Science Fair


posted by: mcrocker

I recently judged again at a local science fair, and I could not help but be curious about the scoring process that I was involved in.  I know that I am second guessing myself a lot recently, but I was really worried that none of the projects I judged were included as any of the winners.  I would say there were about 30 projects, and about 10 winners, so it could just be random variation.  However, I talked to some of the other judges there, and I felt that there was a significant difference between my group’s average rating ~45 and the other group’s average ~55.  The points were out of 60, and other judges told me that 60 was awarded multiple times by their group.  The highest my group awarded was 49.  It made me feel bad, almost that I should have known to judge differently, or something.

After further reflection, however, I decided that there is nothing to suggest that I judged wrongly.  There might have been much better science fair projects than the ones I judged.  Also, I trust that if there was a really excellent one (or two or three), it (or they) would have won, no matter any sort of scoring inflation or inconsistency.  Also, the organizers might have had something in place to account for the differences in the judges.  I hope this is just a symptom of my current woes, which stem more from me approaching my Ph.D., dealing with big-picture life issues, and dealing with the long waiting period of a very competitive job search.

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4 Responses to “Science Fair”

  1. rquardok Says:

    I think it’s a valid concern. I’ve helped students prepare for science fairs and it is no walk in the park. The students have to do a TON of work (both paperwork and work for their projects) I think that the judges should go through more training, or the process could be done differently to ensure fairness.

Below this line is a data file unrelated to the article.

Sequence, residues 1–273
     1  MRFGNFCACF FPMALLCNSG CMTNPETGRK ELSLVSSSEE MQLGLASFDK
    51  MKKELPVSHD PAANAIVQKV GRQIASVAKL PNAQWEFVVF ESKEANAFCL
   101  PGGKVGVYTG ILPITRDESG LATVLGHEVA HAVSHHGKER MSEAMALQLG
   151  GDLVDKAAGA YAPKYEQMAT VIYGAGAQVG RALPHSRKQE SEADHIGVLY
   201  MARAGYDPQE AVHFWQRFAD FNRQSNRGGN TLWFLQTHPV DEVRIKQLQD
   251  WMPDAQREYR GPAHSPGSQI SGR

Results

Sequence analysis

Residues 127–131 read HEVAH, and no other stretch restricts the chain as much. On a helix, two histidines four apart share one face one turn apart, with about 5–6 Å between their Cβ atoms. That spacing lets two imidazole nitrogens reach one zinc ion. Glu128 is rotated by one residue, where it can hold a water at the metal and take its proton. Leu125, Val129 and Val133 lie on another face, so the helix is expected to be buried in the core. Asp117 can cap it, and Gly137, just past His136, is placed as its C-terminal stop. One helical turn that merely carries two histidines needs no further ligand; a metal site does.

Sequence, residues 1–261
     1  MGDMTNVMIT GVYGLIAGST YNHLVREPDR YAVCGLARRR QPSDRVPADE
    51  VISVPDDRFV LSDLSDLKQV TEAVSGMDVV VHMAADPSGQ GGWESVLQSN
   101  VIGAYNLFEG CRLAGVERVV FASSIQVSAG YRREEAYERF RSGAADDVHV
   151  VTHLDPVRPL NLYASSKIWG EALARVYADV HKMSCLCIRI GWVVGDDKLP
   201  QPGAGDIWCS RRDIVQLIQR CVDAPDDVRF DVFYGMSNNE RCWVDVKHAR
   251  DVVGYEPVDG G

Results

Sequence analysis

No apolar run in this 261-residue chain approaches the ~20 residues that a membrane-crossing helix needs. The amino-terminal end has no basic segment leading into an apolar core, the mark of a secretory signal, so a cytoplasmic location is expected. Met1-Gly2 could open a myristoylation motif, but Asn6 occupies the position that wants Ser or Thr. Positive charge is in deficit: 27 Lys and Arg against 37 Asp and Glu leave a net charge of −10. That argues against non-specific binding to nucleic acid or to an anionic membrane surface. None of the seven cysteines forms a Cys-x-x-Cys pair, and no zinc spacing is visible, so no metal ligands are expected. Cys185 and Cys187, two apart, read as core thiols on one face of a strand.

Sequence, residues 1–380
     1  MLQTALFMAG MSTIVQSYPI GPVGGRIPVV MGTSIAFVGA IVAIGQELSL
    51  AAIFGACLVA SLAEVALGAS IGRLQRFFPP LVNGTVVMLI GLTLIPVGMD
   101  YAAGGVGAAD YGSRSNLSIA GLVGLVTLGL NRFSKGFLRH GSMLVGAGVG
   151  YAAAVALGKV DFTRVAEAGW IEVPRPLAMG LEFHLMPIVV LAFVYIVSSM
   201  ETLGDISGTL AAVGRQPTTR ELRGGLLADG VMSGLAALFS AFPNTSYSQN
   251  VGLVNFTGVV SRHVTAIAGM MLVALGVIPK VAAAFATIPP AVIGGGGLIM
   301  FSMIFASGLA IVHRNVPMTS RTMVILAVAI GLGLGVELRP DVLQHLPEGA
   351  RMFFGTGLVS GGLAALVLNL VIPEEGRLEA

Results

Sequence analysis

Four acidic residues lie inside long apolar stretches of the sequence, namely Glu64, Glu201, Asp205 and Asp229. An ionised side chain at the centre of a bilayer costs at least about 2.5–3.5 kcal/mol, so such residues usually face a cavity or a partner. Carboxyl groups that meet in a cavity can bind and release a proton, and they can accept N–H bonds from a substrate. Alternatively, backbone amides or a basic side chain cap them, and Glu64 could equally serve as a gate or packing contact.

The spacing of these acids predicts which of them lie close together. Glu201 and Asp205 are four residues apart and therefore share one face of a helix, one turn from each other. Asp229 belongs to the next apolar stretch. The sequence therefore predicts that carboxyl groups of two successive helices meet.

2. pmooney Says:

    Michael, Scoring science fair projects is difficult. Judges often have different backgrounds and different expectations. Training/instruction may help some. I prefer feedback over scoring. This helps the student know where the judge thought the project’s strengths and weaknesses were. Then the teacher could review these comments with each student and make the scoring judgment himself/herself. More work for the teacher, but student learning might be enhanced. Pat

  3. acarr Says:

    speaking of feedback….michael, after the scores were given at the fair, did the students still have a chance to get feeback? or do they just receive the score/winner status?

  4. mcrocker Says:

    I filled out a score sheet that had plenty of space for comments, most of which were labeled as “areas for improvement.” We (me and my judging partner) were as complete as possible in giving feedback in all categories to the science projects we reviewed. I assume that the students would get those scoring sheets back at the end.

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